Nieman fell out with the other Democrats and wrote a joint opinion with John Sununu (see page 88 of the document). If you were somehow ignorant of the fact that the Summers/Geithner programs embody massive hidden and inefficient subsidies to banks (the Public Private Investment Partnership), questionable uses of the FDIC, and the employment of the Fed as quasi-fiscal agent, the critique might sound reasonable. But to anyone with a passing acquaintance with the facts, the dissenting views are absurd. To give you an idea of how far they have to stretch to make their arguments sound plausible, they grasp at the straw of “oh yeah, that over 50 point spread between market price and bank valuation for toxic assets is due to a liquidity discount.”

There is also sophisticated mud-slinging, for instance, suggesting that the panel’s recommendations run against the

…preference for maintaining a private banking system via temporary public support or partnership, which is consistent with this country’s tradition of private rather than government control of business

That’s code for “Warren is a commie”. Didn’t anyone tell these clowns that no private investor with an operating brain cell would give so much money to a private enterprise without demanding a good deal of oversight and control? And at a time like this, the public versus private polarity that they invoke has been blunted. Pretending that wards of the state are entitled to the rights of normal private concerns is absurd, yet that’s the fiction that Nieman and Sununu present.

Maybe I’m too cynical, but this sure looks like the behavior of someone looking for his next, bigger meal ticket.

So, Nieman’s Pelosi’s appointee and he sides with the Republicans?  Isn’t that a bit odd?  Yves says yes, and speculates:

But then we come back to Pelosi. I can’t imagine that Nieman would have fallen in with the Republicans without at least as a courtesy informing Pelosi in advance. And if she had a big problem, she would have gotten him to back down (either not siding with the opposition or issuing a separate view that was more ambivalent). So Pelosi is at a minimum sitting this one out (which I deem unlikely) or on board with the program to undermine Warren.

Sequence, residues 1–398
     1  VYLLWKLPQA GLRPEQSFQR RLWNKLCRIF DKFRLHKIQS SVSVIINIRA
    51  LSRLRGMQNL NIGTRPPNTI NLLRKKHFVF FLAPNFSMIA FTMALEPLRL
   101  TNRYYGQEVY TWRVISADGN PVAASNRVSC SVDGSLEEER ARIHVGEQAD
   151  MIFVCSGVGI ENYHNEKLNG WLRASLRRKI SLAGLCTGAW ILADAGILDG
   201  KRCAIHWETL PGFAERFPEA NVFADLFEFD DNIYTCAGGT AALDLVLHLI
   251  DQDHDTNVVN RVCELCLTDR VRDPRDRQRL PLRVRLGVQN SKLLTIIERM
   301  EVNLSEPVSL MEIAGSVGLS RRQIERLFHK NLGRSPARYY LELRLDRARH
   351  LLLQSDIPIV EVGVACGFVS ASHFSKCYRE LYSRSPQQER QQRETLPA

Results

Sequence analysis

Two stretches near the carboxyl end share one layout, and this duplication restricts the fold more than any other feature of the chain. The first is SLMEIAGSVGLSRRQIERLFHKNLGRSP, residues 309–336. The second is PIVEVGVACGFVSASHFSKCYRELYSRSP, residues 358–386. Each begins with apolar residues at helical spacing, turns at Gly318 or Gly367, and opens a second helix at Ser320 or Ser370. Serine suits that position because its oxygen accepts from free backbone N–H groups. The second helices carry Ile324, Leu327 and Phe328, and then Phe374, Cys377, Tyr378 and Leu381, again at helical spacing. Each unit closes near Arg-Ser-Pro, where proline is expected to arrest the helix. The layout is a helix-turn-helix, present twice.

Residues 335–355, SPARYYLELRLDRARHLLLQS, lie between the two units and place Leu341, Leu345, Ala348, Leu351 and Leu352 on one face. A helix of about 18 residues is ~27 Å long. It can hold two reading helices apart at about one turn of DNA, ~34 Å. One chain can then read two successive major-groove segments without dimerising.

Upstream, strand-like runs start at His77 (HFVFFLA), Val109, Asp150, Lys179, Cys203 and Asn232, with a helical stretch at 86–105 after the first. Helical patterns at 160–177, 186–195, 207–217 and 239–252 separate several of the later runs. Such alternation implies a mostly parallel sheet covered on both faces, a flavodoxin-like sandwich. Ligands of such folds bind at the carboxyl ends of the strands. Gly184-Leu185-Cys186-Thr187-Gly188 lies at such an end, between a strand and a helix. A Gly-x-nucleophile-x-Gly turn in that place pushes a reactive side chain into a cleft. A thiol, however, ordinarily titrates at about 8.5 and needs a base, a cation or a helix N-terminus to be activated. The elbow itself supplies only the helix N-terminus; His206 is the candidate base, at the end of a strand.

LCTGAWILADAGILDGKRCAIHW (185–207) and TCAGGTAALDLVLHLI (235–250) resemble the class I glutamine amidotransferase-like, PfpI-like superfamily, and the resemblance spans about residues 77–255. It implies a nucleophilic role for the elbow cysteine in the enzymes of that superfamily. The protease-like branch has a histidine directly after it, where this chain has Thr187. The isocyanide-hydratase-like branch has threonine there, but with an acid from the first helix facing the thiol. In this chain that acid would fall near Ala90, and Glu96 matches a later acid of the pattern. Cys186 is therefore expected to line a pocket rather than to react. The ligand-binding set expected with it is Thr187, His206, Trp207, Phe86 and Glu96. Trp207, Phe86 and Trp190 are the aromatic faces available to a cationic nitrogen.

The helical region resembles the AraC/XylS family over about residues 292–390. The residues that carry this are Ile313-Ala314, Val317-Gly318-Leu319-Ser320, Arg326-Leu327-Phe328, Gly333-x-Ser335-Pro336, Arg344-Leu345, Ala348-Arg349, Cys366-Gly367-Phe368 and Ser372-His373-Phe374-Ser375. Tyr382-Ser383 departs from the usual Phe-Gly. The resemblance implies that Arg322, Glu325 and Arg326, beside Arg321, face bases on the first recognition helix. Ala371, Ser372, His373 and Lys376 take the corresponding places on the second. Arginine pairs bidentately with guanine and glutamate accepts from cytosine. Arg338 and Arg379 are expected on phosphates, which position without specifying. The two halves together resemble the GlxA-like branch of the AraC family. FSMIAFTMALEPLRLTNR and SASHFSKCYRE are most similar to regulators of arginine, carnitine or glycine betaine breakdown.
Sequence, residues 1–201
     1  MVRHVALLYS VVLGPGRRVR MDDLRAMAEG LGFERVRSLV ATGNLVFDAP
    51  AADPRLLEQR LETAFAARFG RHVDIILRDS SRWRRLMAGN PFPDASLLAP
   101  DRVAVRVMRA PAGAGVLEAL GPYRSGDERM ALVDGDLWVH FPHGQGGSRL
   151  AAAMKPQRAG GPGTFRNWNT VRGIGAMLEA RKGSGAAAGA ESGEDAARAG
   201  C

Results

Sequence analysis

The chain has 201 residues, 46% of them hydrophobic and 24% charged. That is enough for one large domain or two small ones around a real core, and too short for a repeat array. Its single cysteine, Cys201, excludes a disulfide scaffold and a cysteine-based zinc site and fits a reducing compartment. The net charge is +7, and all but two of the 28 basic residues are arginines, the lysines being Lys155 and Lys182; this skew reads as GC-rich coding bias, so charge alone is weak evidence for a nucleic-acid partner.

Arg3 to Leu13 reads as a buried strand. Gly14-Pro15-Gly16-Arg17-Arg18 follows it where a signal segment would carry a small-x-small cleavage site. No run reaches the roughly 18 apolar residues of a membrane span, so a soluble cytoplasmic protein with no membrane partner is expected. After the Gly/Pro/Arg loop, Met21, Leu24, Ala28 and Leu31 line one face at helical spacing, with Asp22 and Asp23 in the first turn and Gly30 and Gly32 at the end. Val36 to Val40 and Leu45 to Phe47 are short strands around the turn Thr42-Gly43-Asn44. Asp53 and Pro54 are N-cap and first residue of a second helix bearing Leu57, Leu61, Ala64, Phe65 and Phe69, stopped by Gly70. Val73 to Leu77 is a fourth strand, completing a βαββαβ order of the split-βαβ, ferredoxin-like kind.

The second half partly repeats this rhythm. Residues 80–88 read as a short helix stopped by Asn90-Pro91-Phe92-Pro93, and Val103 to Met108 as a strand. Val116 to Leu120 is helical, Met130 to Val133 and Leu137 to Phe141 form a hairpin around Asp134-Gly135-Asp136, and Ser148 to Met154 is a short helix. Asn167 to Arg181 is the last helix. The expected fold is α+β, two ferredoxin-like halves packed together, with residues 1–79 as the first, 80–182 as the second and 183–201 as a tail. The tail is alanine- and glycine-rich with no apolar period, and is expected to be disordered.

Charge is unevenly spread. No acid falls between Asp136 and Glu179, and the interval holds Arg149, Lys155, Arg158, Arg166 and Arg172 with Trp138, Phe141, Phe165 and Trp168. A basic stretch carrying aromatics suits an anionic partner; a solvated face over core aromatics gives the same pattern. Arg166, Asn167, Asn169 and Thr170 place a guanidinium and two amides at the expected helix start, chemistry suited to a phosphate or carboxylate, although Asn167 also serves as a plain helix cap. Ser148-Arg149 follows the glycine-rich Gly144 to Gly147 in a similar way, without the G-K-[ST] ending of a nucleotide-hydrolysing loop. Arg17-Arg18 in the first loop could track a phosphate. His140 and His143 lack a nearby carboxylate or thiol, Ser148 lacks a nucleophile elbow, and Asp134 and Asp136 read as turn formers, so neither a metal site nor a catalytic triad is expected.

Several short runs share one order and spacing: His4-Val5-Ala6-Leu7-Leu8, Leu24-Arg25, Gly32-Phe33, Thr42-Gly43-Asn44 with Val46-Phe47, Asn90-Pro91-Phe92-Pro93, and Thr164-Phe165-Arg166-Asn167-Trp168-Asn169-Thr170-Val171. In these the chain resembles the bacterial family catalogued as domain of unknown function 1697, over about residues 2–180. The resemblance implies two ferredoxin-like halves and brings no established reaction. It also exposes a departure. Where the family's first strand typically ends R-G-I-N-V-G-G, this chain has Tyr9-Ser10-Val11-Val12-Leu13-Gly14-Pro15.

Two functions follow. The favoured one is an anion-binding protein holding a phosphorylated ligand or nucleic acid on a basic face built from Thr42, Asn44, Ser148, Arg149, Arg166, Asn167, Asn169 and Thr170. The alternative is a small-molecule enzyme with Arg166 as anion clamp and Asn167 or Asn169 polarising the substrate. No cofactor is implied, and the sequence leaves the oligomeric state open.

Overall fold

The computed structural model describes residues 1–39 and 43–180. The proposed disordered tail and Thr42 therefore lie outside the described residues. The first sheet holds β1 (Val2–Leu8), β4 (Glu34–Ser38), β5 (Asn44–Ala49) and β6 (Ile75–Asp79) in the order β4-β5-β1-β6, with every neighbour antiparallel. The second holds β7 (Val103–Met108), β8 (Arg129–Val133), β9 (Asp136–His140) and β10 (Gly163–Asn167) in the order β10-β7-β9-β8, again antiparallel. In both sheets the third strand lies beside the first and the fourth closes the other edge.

So, are Elizabeth Warren’s days of going after Secretary of Treasury Timothy Geithner numbered?  Well, there are a quite a few articles floating around that are suddenly critical of her oversight position.   Here’s Joe Wisenthal of Clusterstock:

But a number of commenters are making some pretty compelling arguments that TARP watchdog Elizabeth Warren is blowing her credibility in the manner she’s going after Geithner. The thing is, Warren’s job isn’t to be a shadow Treasury Secretary. It’s not her job to decide the best way to bailout the banking system. That’s not what she was asked to do, nor (perhaps more importantly) is it her area of expertise.

Here’s Forbes‘ Thomas Cooley:

Clearly, this is Elizabeth Warren’s particular crusade against the banks, since a majority of panel members dissented from the direction the report took and two refused to sign off on it at all. Her letters to Secretary Geithner and Chairman Bernanke stop just short of attacking them for trying to restart the market for asset-backed securities. These markets have been an important part of the financial intermediation system for decades, funding student loans, consumer credit and small businesses. But Professor Warren has had a long-standing antipathy to consumer credit markets.

The sad thing is that the COP now seems completely politicized and fractured at a time when there are important questions to be asked. There is plenty of room for thoughtful analysis of the stress tests. For example, how do accounting rules and the evolving economic contraction affect their validity?

Financial Blogger Eric Falkenstein at Falkenblog:

She’s an unqualified advocate for the little guy in the most direct way. So, anything that would cost such individuals more, or take away their power in a negotiation, is considered bad. Such thinking is antithetical to economics, because good economics looks at the unseen as well as the seen, indirect effects, which are often effects on future behavior via the incentives of the rules. Her arguments always have the flavor of intelligent but ignorant earnest students in High School sociology classes: businesses should be forced to lower prices and raise wages and benefits. I guess her template is India or Venezuela. She is a caricature of a simple minded do-gooder because the solution to every problem as merely having a large organization write a check or give stuff away. She takes the size of the economy, its production of goods and services, as a given.